Readings for 25th Sunday in Ordinary Time
What's the worst thing you can do to a child? What's the worst form of child abuse?
No, it's not abusing them sexually, though that's bad enough. Of course, pedophilia is the horrendous crime so many Catholic priests have committed from time immemorial. It is nearly unspeakable in its selfish cruelty. It deserves absolute contempt and condemnation.
However, the worst crime is not sexual abuse. No, it's separating children from their parents. A little introspection about your own children or grandchildren might tell you that. Picture them deprived of your presence and love -- forever. Can you imagine having your child snatched from your paternal arms or from your nurturing breast?
Incredibly, that's the crime committed by white Evangelicals who represent the largest constituency of Present Donald J. Trump. They commit it by their unconditional support of the one who has actually created baby jails. Yes, baby jails that permanently separate the most innocent creatures we can imagine from the ones that love them dearly. This crime tortures not only the babies, but their mothers and fathers too.
Of course, both Catholics and Evangelicals camouflage their misopedia by pretending to care about unborn embryos and fetuses -- creatures for whom they cannot possibly exercise practical responsibility and whose parents tend to be "those others:" blacks and browns, immigrants and the poor in general. Opposing abortion represents what Dietrich Bonhoeffer called "cheap grace." It's costs the opponents absolutely nothing.
Yet, once the unborn come to term -- once the newly born and young might cost taxpayers a few dollars -- erstwhile Christian child-defenders disappear. They wash their hands of the whole affair. They effectively tell parents "Now you're on your own, good luck." They even oppose "Big Government" programs like SNAP and TANF that have proven in other countries to reduce abortions by significantly relieving the financial worries of new parents.
Worse still, patriotic Christians support killing the young by the hundreds of thousands and without a second thought. They do so in places like Yemen, Palestine, Iraq, Syria, Afghanistan, and Ethiopia. That's the short list of killing fields where children are slaughtered mercilessly and on an hourly basis by "American" bombs effectively blessed by the "Christians" I'm referencing. (Secretary of State and devout Christian, Mike Pompeo, nakedly supports such slaughter because it's good for the U.S. arms industry.)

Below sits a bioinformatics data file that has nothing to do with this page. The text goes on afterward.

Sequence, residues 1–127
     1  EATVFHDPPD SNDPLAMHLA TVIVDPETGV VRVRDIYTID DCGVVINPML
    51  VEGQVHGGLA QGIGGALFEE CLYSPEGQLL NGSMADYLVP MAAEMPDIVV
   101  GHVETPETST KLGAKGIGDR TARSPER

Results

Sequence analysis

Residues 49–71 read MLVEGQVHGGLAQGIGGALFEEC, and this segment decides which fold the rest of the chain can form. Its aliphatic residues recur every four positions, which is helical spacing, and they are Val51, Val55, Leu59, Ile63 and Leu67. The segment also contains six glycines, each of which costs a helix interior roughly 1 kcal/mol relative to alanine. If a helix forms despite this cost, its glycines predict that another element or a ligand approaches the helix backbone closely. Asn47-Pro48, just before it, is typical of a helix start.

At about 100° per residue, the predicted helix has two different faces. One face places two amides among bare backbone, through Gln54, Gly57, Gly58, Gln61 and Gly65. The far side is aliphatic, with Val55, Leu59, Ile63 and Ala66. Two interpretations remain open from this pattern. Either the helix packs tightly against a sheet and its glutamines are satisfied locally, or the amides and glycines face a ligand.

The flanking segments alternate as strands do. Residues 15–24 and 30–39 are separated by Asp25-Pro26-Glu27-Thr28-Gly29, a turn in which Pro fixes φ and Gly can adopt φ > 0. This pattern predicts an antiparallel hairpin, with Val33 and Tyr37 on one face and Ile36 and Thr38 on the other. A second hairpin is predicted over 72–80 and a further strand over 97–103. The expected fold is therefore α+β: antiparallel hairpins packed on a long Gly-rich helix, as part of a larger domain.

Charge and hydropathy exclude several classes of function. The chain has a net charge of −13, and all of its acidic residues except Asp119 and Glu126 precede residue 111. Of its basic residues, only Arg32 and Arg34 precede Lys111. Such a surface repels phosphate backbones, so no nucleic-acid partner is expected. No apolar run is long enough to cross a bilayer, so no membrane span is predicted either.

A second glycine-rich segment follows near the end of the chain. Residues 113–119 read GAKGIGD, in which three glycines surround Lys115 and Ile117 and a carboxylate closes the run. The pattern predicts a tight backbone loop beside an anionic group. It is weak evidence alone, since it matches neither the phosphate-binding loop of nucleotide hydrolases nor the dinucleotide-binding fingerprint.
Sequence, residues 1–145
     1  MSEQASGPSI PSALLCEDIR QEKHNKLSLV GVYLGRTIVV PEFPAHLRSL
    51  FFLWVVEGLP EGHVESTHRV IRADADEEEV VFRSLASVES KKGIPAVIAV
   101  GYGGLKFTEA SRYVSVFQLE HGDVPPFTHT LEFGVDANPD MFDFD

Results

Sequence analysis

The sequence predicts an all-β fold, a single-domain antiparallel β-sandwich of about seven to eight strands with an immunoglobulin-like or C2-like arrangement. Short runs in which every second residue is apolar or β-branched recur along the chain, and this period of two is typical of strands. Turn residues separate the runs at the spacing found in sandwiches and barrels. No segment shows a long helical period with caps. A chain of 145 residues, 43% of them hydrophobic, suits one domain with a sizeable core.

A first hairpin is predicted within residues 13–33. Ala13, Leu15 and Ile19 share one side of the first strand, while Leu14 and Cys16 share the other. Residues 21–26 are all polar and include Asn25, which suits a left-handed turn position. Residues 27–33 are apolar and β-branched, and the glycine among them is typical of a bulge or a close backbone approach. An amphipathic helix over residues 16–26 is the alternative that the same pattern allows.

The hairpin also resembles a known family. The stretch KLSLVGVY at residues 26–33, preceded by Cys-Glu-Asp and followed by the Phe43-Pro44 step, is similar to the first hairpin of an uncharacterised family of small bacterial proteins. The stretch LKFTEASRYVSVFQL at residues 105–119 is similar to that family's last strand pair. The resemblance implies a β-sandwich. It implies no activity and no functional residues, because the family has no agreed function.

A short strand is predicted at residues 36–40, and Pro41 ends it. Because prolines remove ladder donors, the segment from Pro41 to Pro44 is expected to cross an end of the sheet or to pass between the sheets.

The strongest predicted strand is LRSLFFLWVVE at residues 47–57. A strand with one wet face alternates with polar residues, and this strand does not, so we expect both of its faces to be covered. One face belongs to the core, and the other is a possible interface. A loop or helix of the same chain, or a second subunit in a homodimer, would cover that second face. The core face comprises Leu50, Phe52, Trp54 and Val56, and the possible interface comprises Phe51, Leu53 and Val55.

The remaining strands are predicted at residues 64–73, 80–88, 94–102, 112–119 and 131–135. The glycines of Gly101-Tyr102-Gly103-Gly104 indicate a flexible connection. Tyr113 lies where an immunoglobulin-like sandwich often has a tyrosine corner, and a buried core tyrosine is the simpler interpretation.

All of this conflicts with the portrayal of Jesus in today's Gospel reading. There, Jesus embraces a real child of the kind Trump-supporters show little concern about once the creatures advance beyond fetal status.
This is how Mark describes the episode: "Taking a child, he placed it in their midst, and putting his arms around it, he said to them, 'Whoever receives one child such as this in my name, receives me; and whoever receives me, receives not me but the One who sent me.'"
In fact, Jesus uttered not a word about abortion. But Mark's portrayal speaks volumes about Jesus' attitude towards the kind of children Catholics and Evangelicals tend to hate. He could not have been clearer in his absolute identification with them: "Whoever welcomes one such child in my name welcomes me."
To repeat, in doing that Jesus is not embracing a fetus, but an actual living child about whose human status there can be no debate. Moreover, the child in question was probably of the type many opponents of abortion have little use for or sympathy with. After all today's gospel scene takes place in Capernaum, the urban center that Jesus adopted as his home town after he was thrown out of Nazareth precisely because of his programmatic concern for the poor.
Remember: Jesus spent his time among the poor who represented his own origins. So, the child Jesus embraces was probably a smelly street kid with matted hair and a dirty face. He or she was probably not unlike the street kids found in any city today -- the ones hooked on sniffing glue and who have learned to sell their bodies to dirty old men from way across town, and often from across the world.
I make all this supposition because the reason Jesus embraces the child in question is to present his disciples with a living example of "the lowest of the low" -- God's truly chosen people. In Jesus' world, all children were at the bottom of the pecking order whose rabbinical description ended with "idiots, deaf-mutes and the young." And among the young, street children without father or mother would indeed represent scraping the bottom of the barrel.
Embracing children like that doesn't mean practicing "tough love," nor forcing impoverished mothers to bring their children to term and then telling them "You're on your own." Rather, embracing poor children -- truly being pro-life -- means creating a welcoming atmosphere that receives children as we would receive the Jesus who identifies with them in today's gospel.